Clearly, the architects of this film intended it to be self-lampooning and the movie definitely comes off as cartoonish. The ladies are able, capable, and without, really, the need for men in their lives. They depend on themselves and each other. And, like their television counterparts before them, they really have only one want, need, and desire: to meet their boss, Charlie Townsend, voiced now as in the past, by John Forsythe.
Forsythe as the unseen Townsend is the only connection to the past, other than that of producer Leonard Goldberg. There are no allusions to the Angels of the past, or of the former Bosley. Just as well. Other than the formula of three women detectives working for an unseen boss, there really are no connections to the series.
Actually, the feel of the film seems to owe more to James Bond than to Charlie's Angels. It opens on an airplane where an apparent bomber meets his apparent contact, Mr. Jones, played by LL Cool J. Their interaction leads to a Bond-like opening sequence that establishes the Angels and their penchant for teamwork and danger. An updated opening, akin to the series' `once upon a time' billboard, follows.
What follows is the meat, so to speak, of the film. There's a computer industrialist (Sam Rockwell) who has been kidnapped by his nemesis, Roger Corwin (Tim Curry). The industrialist's partner, Vivian Wood (Kelly Lynch), hires Townsend and the Angels to retrieve the industrialist and his software, which has been hijacked by his competitor.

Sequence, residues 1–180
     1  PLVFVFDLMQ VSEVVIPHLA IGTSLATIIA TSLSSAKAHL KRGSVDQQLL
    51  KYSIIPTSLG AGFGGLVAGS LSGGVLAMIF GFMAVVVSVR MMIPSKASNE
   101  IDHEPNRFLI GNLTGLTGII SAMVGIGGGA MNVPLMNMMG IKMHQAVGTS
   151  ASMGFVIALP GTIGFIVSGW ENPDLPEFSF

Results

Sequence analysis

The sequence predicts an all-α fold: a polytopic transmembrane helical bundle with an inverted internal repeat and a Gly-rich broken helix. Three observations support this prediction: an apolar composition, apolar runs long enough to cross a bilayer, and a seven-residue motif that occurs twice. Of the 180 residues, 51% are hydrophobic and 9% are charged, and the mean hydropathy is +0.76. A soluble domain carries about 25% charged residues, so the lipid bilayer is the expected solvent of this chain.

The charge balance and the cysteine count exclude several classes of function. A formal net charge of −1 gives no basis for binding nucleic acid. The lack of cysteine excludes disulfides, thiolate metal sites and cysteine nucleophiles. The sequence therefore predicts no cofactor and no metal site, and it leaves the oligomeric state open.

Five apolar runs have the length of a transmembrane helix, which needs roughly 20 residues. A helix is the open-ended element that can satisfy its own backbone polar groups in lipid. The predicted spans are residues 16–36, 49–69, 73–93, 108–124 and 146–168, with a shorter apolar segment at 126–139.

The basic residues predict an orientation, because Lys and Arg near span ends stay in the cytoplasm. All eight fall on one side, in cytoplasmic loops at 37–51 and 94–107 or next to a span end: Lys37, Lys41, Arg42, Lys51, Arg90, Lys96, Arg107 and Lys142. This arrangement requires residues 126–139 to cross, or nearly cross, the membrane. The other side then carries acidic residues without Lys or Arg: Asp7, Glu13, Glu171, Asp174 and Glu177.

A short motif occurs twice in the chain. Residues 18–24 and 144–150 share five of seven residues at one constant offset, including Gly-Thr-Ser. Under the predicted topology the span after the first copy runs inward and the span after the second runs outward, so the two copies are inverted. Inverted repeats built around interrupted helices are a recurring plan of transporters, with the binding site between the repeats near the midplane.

There are few surprises in the film, authored by Ryan Rowe (The Love Bug), Ed Solomon (Men In Black), and John August (Titan A.E.), save for one or two and, if you think hard -- I did -- you can guess the direction of the film's plot. There are some casting surprises, though, like the aforementioned appearance of LL Cool J. Luke Wilson, Matt LeBlanc, and Tom Green lend their comic talents to the mix. However, the plot line is so thin that you'd do best to just sit back and enjoy the endless action that unreels before you on the screen.